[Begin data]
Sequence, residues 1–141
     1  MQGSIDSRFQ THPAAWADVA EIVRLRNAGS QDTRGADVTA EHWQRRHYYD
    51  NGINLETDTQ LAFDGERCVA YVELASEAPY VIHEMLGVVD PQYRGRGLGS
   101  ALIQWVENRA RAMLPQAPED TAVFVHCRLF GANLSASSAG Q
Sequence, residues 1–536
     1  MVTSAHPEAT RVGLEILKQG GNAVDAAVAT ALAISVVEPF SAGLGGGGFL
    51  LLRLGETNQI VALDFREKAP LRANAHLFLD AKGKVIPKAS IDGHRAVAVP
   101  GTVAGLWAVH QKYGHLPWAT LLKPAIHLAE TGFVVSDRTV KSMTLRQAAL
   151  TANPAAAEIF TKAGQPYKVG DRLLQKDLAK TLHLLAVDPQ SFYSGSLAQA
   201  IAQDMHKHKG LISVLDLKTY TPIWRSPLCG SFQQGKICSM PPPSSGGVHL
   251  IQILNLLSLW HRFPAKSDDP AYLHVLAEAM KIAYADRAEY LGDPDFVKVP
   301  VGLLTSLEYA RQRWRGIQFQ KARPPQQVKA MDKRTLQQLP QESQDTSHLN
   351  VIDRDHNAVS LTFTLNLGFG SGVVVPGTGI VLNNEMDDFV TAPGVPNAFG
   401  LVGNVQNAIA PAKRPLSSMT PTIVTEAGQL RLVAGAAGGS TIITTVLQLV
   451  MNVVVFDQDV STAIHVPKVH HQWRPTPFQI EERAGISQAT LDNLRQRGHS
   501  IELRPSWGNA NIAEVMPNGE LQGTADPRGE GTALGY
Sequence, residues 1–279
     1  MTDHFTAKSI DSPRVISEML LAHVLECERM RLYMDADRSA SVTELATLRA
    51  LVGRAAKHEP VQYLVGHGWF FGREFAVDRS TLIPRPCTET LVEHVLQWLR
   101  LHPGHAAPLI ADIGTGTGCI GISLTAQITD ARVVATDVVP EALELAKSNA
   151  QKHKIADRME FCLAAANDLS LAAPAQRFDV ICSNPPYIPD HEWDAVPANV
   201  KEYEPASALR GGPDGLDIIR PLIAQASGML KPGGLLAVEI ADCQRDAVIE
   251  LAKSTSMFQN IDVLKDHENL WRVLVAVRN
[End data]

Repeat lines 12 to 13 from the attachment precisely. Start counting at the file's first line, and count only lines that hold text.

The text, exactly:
   301  VGLLTSLEYA RQRWRGIQFQ KARPPQQVKA MDKRTLQQLP QESQDTSHLN
   351  VIDRDHNAVS LTFTLNLGFG SGVVVPGTGI VLNNEMDDFV TAPGVPNAFG